Wireless broadband provider AT&T has a problem. Users of Apple's incredibly successful Iphone are utilizing their devices to access multimedia Web content just the way their maker intended, and that's giving the Iphone's exclusive carrier a case of the bandwidth blues.
According to an AP report by Peter Svensson, heavy data demand generated by smartphone streaming media apps is bogging down AT&T's network, prompting CEO Ralph de la Vega to declare that his company will soon present customers with incentives to reduce their bandwidth footprint.
The issue surfaced at an investor's conference in New York, where de la Vega identified audio and video streaming as primary factors behind the 3 percent of subscribers that his company claims are responsible for 40 percent of all network data traffic.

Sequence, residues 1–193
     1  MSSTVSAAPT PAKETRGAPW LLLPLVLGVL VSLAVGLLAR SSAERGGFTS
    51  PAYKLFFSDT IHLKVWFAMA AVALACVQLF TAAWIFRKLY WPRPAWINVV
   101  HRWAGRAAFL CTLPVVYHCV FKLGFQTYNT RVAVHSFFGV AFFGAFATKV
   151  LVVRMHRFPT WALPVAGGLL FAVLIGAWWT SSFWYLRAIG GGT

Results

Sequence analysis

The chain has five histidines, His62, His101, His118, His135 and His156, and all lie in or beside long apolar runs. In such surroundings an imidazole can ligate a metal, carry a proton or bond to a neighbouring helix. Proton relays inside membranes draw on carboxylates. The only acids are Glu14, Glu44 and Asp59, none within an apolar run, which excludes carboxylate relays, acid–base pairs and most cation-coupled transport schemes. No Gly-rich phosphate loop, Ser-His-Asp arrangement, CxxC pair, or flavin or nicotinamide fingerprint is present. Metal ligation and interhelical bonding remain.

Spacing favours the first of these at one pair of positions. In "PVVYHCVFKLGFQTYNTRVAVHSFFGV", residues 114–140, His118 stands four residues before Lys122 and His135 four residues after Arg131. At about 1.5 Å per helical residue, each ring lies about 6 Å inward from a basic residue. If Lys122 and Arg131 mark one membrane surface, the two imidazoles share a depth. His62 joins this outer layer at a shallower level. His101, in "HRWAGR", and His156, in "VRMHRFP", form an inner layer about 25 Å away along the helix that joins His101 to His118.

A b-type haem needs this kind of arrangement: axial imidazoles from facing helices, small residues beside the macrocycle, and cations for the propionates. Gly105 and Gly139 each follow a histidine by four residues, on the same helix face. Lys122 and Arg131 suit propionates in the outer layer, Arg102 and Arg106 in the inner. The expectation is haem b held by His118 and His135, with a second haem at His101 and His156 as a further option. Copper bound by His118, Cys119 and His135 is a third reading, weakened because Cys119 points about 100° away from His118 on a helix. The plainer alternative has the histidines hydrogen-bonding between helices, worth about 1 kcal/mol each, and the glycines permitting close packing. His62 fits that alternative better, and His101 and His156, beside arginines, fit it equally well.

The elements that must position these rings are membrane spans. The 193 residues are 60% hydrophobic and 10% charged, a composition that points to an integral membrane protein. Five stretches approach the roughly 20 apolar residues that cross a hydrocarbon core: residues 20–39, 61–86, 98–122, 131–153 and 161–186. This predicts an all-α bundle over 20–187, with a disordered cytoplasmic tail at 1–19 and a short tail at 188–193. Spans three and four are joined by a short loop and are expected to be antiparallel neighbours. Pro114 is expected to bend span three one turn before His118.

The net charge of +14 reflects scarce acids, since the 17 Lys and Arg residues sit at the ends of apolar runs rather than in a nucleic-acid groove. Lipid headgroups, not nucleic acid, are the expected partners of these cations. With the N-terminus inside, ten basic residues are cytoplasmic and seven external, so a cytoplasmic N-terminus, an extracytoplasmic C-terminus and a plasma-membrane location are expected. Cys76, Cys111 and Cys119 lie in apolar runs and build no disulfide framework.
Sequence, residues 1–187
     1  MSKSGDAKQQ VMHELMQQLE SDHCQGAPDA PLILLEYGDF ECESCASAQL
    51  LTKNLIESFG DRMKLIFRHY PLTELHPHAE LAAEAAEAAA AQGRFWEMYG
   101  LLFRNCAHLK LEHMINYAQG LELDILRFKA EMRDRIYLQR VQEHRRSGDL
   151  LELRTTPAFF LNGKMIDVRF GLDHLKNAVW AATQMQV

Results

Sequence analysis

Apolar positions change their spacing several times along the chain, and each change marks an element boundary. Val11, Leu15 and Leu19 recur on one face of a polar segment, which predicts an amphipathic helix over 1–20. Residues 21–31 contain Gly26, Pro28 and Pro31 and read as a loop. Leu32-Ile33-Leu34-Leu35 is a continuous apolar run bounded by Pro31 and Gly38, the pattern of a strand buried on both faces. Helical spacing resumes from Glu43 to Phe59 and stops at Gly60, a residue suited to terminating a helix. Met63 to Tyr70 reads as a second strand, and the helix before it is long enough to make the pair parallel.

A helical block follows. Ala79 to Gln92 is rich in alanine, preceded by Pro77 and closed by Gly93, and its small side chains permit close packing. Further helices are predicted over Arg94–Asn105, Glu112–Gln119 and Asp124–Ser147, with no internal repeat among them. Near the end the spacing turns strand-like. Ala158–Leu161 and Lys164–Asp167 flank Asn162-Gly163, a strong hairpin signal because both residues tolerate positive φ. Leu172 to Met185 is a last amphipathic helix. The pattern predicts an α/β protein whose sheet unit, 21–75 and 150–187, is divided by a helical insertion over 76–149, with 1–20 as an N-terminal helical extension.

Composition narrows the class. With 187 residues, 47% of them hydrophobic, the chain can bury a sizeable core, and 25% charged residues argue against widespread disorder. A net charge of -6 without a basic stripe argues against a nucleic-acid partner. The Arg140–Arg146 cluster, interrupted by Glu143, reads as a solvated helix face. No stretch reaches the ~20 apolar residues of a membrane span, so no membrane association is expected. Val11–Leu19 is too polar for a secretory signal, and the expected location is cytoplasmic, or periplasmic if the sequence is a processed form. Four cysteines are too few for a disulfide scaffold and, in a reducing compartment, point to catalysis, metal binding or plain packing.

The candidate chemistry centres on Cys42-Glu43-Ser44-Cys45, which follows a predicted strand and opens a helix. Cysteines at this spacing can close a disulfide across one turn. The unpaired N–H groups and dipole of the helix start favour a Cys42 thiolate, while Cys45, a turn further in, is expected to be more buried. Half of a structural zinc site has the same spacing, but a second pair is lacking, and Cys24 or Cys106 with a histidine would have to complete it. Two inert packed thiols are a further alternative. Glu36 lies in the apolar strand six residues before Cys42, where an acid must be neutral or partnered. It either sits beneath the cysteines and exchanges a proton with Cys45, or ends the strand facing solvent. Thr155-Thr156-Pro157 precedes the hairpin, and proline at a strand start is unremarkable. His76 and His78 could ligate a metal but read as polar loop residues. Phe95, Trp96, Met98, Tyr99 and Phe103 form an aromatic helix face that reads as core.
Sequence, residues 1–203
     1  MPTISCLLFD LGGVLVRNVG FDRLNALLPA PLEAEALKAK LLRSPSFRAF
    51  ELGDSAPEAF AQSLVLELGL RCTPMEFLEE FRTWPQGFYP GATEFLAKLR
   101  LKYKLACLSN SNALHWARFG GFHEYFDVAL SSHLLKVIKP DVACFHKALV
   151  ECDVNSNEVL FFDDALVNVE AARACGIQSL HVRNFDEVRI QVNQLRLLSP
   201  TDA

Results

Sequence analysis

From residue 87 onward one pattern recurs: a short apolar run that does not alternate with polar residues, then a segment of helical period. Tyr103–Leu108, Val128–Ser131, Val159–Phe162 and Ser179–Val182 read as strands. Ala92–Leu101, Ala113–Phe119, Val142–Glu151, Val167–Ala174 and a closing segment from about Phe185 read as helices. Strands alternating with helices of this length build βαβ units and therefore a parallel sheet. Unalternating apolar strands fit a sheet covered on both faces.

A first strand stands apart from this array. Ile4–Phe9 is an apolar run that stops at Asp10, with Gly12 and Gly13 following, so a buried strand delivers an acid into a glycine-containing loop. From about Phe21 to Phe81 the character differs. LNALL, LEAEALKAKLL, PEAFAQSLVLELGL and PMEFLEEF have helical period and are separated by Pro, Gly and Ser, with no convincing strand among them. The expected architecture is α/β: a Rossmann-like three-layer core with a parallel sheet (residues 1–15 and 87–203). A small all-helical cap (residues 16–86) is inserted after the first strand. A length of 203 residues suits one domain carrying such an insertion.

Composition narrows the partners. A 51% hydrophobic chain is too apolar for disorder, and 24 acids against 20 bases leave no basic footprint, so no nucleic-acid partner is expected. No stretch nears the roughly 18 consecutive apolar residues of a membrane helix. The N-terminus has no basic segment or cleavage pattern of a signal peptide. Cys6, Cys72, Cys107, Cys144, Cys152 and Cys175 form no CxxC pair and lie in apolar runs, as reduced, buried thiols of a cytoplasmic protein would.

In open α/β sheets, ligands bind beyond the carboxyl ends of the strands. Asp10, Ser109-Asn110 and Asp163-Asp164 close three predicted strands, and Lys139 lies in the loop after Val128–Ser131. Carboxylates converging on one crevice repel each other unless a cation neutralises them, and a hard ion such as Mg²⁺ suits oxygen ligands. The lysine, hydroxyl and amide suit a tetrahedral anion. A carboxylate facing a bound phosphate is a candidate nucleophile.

In other words, AT&T is planning to take a bigger bite out of its customers in exchange for extra megabytes of download. If the carrier makes good on its promise to initiate metered mobile data and competitor Verizon follows suit, growth in mobile streaming could suffer as subscribers feel the pinch.
While de la Vega didn't say when his company might implement metered service, he did describe such a move as inevitable.